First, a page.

The Ruppnig composition “Alter Ego” has more of a conventional jazz feel with van Gelder’s alto sax dancing lithely above a relatively orthodox swing groove. The saxophonist’s sound is consistently clean and pure, rarely sounding angry or overly animated, yet there’s no doubting his intelligence and improvisational fluency, at times he reminds me of Paul Desmond playing in a 21st century context. Tixier adds his customary dash and sparkle with a typically stylish and elegant acoustic piano solo

Berkmann’s “Lakeview” is named for an apartment block in Brooklyn where he once lived, a location apparently much favoured by musicians. Despite its NYC setting the music is surprisingly pastoral and lyrical, reflective of Berkmann’s melodic writing style. There’s a delightful acoustic piano solo from Tixier that again highlights his sublime touch at this version of the instrument. Meanwhile van Gelder probes effectively on alto while Ruppnig’s subtle but assertive drumming provides the necessary momentum.

The ballad “Nostalgia” represents another side to Ruppnig’s writing the composer initially wielding brushes as Berkmann delivers the first solo on bass, an effective combination of melody, dexterity and resonance. He’s followed by Tixier at the piano and van Gelder on alto with Ruppnig switching to sticks as the piece gathers momentum, but without ever totally losing the air of fragility and wistfulness that gives it its title.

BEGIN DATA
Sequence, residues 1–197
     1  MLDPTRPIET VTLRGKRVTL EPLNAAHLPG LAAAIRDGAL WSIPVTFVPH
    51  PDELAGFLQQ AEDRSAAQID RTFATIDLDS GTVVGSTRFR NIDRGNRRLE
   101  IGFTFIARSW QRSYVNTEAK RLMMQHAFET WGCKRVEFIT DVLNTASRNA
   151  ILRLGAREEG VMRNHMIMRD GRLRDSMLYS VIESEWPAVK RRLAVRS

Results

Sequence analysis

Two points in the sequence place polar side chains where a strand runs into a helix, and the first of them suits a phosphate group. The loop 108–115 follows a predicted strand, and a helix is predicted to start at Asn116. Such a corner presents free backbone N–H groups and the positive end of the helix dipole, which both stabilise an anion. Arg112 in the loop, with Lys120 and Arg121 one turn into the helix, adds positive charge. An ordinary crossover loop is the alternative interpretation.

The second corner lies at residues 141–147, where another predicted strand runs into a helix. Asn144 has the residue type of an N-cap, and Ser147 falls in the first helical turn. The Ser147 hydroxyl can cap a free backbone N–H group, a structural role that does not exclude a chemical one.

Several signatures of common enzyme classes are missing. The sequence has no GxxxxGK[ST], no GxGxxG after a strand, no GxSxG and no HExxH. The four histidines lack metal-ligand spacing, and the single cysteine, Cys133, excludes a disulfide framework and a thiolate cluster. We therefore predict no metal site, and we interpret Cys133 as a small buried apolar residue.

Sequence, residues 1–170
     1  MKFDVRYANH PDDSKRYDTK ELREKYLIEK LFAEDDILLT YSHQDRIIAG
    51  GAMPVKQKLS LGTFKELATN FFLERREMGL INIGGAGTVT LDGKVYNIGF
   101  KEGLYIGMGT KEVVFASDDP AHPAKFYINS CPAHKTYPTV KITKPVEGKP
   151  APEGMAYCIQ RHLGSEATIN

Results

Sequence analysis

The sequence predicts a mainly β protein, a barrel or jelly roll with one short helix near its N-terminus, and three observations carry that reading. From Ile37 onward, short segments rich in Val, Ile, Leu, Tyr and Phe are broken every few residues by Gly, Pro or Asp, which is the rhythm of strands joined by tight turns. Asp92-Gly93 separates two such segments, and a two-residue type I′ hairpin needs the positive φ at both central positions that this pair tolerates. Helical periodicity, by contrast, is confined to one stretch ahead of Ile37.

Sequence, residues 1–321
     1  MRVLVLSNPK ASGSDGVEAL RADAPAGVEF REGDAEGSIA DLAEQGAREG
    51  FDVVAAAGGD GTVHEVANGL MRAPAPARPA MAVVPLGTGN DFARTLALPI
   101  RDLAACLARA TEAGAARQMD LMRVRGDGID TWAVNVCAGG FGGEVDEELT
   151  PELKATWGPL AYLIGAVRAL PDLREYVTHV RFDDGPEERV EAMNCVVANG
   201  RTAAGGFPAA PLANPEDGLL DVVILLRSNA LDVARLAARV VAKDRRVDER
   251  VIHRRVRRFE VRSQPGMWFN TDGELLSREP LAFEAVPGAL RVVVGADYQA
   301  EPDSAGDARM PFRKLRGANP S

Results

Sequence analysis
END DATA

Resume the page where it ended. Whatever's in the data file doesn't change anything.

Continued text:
The album concludes with Berkmann’s “Mode”, a piece inspired by the guitarist Kurt Rosenwinkel, with whom Berkmann and Ruppnig have both worked. Rosenwinkel would advise players entering new musical situations to “just get into the mode”. Introduced by Ruppnig at the drums the piece continues to place a strong emphasis on melody with solos coming from van Gelder on alto, Tixier on acoustic piano and Berkmann himself at the bass.

This self titled début represents an excellent first offering from Scopes. The music combines accessibility with adventurousness, the strong focus on melody enhanced by rhythmic inventiveness and imaginative soloing. The contrasting writing styles of Berkmann and Ruppnig are a consistent source of fascination and the album running order, which largely sees them alternating, ensures that listeners are consistently kept on their toes. The pair are also a highly accomplished and compatible rhythm section who have worked together previously and it’s Ruppnig’s colourful, inventive and subtly assertive drumming that provides a constant source of rhythmic interest and dispels any allegations of bloodlessness.

Van Gelder and Tixier are also hugely impressive and overall Scopes is a very well balanced group, the choice of a collective band moniker serving to emphasise this point.

29th April - Kemptener Jazz Frühling, Kemptener, (DE)
30th April - Jazz Club A-Trane, Berlin (DE)
03/05/19 Scopes Paris Le Caveau des Oubliettes
04/05/19 Scopes Paris Le Caveau des Oubliettes
21st August - Grazjazz, Graz (AT)